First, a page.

Changes to taste and smell experienced as a result of cancer treatment can have adverse effects on morbidity, mortality and quality of life. This is due to associations with inadequate energy and nutrient intake, weight loss, malnutrition, reduced compliance with treatment regimens and altered food relationships. This document focuses on taste and smell changes, and also refers to other components of flavour which are intimately connected to a person's eating and drinking experience during cancer treatment.
Taste: is one of the five senses and refers only to a process that occurs in the oral cavity when food molecules interact with saliva to stimulate taste buds. Each taste bud hosts cells equipped with receptors and transduction mechanisms so that five basic taste qualities can be detected. These basic taste qualities are sweet, salty, sour, bitter and umami (savoury). Taste interacts with smell and touch to allow the experience of flavour.
Smell: the sense of smell is referred to as olfaction. The smell of food is experienced via both the mouth and the nostrils. Orthonasal olfaction is the process of active sniffing and is considered an external process. Retronasal olfaction is considered an internal process. It refers to the act of passive smelling during breathing or to referral of odours into the olfactory receptors from the mouth, as occurs during chewing and swallowing.
Touch: encompasses oral touch, chemesthesis and oral sensation. Oral touch is the perception arising in the mouth when food interacts with teeth, saliva and touch receptors. This includes dry mouth and oral astringency, which can alter the perceived texture of food. Chemesthesis or oral irritation is the chemical stimulation of nerve fibres in response to thermal or pain sensations such as menthol, chilli burn or carbonation. Oral sensations are perceived in the oral cavity. An example of a commonly reported oral sensation during chemotherapy treatment is a metallic 'taste'.
Flavour: is much broader than taste, although the words taste and flavour are often used interchangeably. Flavour includes the sense of taste but also encompasses other sensory inputs such as smell and touch, and is influenced by food hedonics.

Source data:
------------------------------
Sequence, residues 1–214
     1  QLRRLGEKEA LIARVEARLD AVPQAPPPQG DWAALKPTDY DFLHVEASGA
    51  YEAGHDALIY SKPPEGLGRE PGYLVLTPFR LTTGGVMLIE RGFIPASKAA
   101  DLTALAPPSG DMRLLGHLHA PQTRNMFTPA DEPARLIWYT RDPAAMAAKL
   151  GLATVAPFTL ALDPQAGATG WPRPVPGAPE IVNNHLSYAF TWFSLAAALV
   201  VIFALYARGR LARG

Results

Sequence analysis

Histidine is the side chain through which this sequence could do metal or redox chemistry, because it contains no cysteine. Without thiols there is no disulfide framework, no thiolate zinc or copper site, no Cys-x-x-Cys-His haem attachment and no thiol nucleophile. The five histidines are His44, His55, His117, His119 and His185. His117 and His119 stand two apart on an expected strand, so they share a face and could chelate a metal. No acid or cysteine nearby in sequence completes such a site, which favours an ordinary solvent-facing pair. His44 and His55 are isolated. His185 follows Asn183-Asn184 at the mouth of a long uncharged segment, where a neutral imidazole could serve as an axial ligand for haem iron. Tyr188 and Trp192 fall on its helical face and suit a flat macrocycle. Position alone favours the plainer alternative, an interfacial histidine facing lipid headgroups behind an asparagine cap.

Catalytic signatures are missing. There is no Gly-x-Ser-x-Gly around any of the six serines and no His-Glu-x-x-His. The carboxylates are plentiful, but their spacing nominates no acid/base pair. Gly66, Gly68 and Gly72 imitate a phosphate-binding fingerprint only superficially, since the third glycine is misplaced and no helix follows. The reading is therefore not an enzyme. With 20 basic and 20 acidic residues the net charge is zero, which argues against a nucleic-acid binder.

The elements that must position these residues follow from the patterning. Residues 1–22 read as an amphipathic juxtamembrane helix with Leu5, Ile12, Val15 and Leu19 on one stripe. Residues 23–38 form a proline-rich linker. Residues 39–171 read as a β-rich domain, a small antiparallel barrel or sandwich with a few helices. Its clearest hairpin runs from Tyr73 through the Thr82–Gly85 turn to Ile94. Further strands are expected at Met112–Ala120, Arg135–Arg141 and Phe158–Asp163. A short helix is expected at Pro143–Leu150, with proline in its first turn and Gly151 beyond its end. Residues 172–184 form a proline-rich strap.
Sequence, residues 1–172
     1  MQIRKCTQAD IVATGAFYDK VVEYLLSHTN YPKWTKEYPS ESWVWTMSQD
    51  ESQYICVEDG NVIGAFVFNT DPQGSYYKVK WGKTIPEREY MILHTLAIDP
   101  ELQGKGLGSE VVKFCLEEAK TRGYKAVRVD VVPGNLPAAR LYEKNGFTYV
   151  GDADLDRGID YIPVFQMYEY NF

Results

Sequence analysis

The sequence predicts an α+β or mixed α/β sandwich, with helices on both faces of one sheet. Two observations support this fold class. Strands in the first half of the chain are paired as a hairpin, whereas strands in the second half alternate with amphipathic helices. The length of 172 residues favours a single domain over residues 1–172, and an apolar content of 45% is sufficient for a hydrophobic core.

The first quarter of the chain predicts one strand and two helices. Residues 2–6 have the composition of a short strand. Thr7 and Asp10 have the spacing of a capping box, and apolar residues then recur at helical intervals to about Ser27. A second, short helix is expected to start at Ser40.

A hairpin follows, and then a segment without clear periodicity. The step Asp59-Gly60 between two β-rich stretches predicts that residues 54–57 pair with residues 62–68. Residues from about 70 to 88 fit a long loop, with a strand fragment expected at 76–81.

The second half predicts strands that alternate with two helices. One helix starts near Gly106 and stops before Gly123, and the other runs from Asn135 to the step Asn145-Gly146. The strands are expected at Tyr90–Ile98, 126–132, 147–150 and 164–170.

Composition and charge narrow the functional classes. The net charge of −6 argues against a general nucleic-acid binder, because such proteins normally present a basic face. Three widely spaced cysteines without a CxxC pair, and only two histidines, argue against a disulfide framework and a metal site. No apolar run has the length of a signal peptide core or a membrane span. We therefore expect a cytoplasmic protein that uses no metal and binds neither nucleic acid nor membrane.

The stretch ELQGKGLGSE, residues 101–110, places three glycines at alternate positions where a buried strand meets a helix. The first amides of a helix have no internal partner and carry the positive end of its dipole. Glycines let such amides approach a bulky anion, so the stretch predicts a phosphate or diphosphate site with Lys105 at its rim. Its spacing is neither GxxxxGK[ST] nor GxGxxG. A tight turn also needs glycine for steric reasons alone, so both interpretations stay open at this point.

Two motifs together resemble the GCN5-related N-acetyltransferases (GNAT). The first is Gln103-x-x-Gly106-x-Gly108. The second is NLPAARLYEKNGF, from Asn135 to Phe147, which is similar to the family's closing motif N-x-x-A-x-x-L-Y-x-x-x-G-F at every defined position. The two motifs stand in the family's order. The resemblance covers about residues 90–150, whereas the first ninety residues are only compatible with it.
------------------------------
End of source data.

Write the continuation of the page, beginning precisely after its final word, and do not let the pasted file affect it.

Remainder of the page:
Food hedonics: refers to the extent to which eating and drinking is pleasurable. It encompasses food liking and appetite. Food liking is the experience or anticipation of pleasure from eating and drinking. Food liking can be influenced by appetite, which is the sensation related to the maintenance of eating and a desire for certain food types. Food aversions can occur as a result of unpleasant eating and drinking experiences; this generally occurs at a time of illness. Commonly, in the cancer treatment context, learned food aversions are associated with nausea or anxiety linked to treatment or anticipation of treatment. Additionally food aversions can develop to previously favoured food. This may manifest as alterations in food preferences or a reduced desire for consuming food and drinks.
Distinguishing between factors affecting the eating and drinking experience
It is important to distinguish between factors affecting the eating and drinking experience because the clinical strategies employed to improve symptoms will depend on the exact problem experienced. For example, food may still taste the same (i.e. the taste buds are intact) but that taste may no longer be enjoyed (change in food preferences or liking of a particular food). Regardless of which particular component of flavour is affected during cancer treatment, similar impacts may ensue. For example, adverse alterations in taste or touch perception (oral dryness) can both result in reduced food enjoyment and a subsequent change in oral intake, although the recommended management strategies differ.
All cancer treatment modalities have the potential to influence components of flavour. Specific studies have been conducted in radiation therapy, chemotherapy and blood and marrow transplantation, demonstrating various consequences.rr